Now I don’t generally consider myself an awkward person. In real life, I tend to come across as socially competent, confident, and relatively normal (at least that’s what people tell me). However, all that changes when I run into another Black Jew. It’s like a tiny antenna perks up, sounding “Alert, Alert, Black Jew on the horizon!” and my social skills promptly go out of the window.
But why! What happens? It’s not like I don’t see Jews all of the time, I live in NY, where observant Jews are a dime a dozen. It’s not even like I don’t see Black Jews on a regular basis. Given my family, circle of friends, and my work with Jews of Color, other Black Jews are a constant part of my life. So why is it that when I see an unknown Black Jew, inside I yell a quiet “Woohoo!” and promptly lose all social skills. I’m not talking meeting another Black Jew at an event for Jews of Color or being introduced by a mutual friend, but what I’d like to call a “random sighting.”
A “random sighting” is when you see another Black Jew shopping on Ave J or 13th Ave, eating at a kosher restaurant, davening in your shul, or even just walking down the street. It’s seeing a Black Jew in your “natural habitat” so to speak, where you’re not used to seeing another person (you don’t know) who looks like you. Consciously, I’m aware that I’m not the only Black Jew and that regardless of all the Black Jews I know who live all over the United States and Israel, I don’t know them all. However, I’m often the only person like me, whether I be in Jewish or non-Jewish settings. A random sighting automatically expands your world, it means that there are even more of you than you thought. It’s both comforting and intimidating…at least for me.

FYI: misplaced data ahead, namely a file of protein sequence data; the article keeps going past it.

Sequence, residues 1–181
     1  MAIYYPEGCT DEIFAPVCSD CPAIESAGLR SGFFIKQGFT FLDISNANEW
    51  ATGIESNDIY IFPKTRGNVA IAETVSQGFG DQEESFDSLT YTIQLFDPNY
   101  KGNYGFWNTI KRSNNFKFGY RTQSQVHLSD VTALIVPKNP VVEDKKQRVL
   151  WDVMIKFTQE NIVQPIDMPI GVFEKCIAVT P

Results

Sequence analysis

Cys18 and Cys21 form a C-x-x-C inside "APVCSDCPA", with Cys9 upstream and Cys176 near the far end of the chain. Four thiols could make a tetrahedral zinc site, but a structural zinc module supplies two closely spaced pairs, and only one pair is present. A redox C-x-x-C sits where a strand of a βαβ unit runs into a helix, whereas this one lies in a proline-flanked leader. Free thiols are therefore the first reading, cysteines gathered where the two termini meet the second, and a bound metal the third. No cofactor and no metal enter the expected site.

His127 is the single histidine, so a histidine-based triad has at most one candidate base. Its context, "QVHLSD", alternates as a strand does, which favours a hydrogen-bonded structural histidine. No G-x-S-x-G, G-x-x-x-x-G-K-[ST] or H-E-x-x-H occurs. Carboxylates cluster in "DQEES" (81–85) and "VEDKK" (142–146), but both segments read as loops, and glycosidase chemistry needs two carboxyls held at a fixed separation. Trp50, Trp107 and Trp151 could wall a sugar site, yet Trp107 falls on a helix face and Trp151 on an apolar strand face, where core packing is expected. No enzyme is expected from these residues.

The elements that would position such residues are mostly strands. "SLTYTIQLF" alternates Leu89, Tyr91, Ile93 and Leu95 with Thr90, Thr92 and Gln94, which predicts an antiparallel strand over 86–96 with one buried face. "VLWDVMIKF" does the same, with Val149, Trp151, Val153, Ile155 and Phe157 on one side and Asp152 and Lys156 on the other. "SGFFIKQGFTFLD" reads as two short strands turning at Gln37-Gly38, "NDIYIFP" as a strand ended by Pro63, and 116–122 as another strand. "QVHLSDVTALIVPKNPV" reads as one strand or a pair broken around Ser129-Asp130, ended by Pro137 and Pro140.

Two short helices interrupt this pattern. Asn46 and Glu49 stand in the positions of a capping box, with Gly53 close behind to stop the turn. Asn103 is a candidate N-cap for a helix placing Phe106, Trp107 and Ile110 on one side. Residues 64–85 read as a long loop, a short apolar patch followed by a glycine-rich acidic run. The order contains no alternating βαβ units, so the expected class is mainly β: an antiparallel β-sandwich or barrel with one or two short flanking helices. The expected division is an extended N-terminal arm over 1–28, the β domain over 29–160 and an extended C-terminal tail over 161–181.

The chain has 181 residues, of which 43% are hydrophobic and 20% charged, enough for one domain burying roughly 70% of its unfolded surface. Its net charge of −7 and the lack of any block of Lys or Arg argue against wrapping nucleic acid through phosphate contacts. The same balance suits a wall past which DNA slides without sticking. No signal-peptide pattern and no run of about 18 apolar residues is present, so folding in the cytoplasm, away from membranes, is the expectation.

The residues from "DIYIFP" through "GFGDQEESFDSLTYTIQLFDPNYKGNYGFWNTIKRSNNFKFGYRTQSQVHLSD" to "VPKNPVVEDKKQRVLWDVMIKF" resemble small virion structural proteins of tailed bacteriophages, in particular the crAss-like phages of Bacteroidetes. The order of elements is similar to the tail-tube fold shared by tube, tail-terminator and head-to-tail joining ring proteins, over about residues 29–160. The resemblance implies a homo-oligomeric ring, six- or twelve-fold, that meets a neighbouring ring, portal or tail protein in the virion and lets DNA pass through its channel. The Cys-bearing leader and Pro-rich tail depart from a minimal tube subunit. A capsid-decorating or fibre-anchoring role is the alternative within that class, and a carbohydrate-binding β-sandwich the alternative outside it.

Each “random sighting” results in momentary paralysis. What do I do? What should I say? Should I say or do anything? I know its presumptuous to even think that they even care about other Black Jews, forget me specifically. Plus, I don’t know them from Adam, if I do say something, what should I say? I have no idea what they’re interested in, who they are, etc. Should I just acknowledge their presence with a head nod or a smile? But what if they’re not looking directly at me? Should I walk up to them? It’s kind of obvious that I’m only approaching them because they’re black. But then, if I don’t say something will they think it’s an intentional slight? That I’m one of those Black Jews who don’t want to associate with other Black Jews because I don’t want such affiliations to take away from my Jewishness (the mentality exists, just accept it, we can argue about it later). We don’t have to be best friends, but I think acknowledging each other….such minorities within a minority can provide chizzuk. Just another’s presence can make one feel less isolated and strengthen resolve and commitment to Torah despite the stares, the questions, and the dismissals of others. Darn it, then I realize that while I’ve been engaging in this internal debate I’ve been staring the whole time. And now whatever I do it’s going to be weird and awkward.
Sigh, so I generally just give one last look and walk by without saying or doing anything.